In addition to organizations, Barragán’s also gained support from a growing list of Congress members, and recently even the Los Angeles Times, which wrote that “only Barragán has demonstrated the integrity, courage and commitment to the environment that this industrial district needs. Voters should choose her on June 7.”
Barragán recently spoke about what she considers is the most important factor in building support.
“It’s just been getting my message out there and talking to people about my values which are their values—whether it’s protecting our air and water, protecting and improving social security and Medicare, bringing better paying jobs, improving the waterfront or just improving quality of life issues,” she said. “The values that I have stood up for time and time again are the very values that were instilled in me growing up in this district.”
Given the gridlocked state of Congress, the more informal role of facilitating local problem-solving within the district looms larger than ever. When asked what problems she’s observed while campaigning that would capture her time and attention, Barragán cited homelessness right off the bat, citing the efforts of city and county government, as well as federal policies that could be improved for veterans, for mental health services, and for affordable housing.
“Housing prices are huge issue[s] here in LA, and we need to collaborate with local stakeholders, businesses and nonprofits to increase and build affordable housing,” she said. “We need to bring together local activists and leaders to make a bigger impact on this issue…. Bringing parties to the negotiating table as a lawyer would be an important piece to making sure we strategically tackle this problem with the best local and federal efforts possible.”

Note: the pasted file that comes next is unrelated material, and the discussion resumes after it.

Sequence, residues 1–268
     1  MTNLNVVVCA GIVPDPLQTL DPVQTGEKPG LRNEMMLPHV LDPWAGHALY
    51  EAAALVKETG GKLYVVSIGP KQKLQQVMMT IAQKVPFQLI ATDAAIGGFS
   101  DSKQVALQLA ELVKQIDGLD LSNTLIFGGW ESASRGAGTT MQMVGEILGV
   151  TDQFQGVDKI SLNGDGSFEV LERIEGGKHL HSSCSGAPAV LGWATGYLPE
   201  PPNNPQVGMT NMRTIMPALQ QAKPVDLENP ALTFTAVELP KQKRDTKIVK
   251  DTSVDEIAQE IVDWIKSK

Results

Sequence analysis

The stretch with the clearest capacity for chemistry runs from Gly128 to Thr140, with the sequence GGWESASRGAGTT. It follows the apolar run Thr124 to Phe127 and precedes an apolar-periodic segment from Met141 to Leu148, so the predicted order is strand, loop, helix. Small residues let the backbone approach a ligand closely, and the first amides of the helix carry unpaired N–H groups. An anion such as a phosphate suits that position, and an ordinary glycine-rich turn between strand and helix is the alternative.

Barragán would also take a similar approach to education.
“ Mayor [Eric] Garcetti’s recent proposal that all [Los Angeles Unified School District] grads should get at least one free year of community college was a step in the right direction, and as a member of Congress, I would support free community college,” she said. “We need to increase Pell Grants to reflect the exponential rising cost of college…. Student debt is a financial crisis in this country…. We should allow people to refinance their student loans at lower, fair rates that don’t threaten their financial stability.”
Hall’s Campaign Contributions
In contrast to Barragán’s advocacy for reducing financing costs, Hall has received more than $35,000 in campaign contributions from payday lending companies and their executives since entering the state assembly in 2008. He’s voted to help expand their businesses.
A third issue Barragán cites is something related to what she is helping her mother with.
“You shouldn’t have to be a lawyer to get your Social Security benefits or Medicare coverage,” she said “This is something I would work to solve through open-door constituent services and working on efforts at a national level to reform the system.”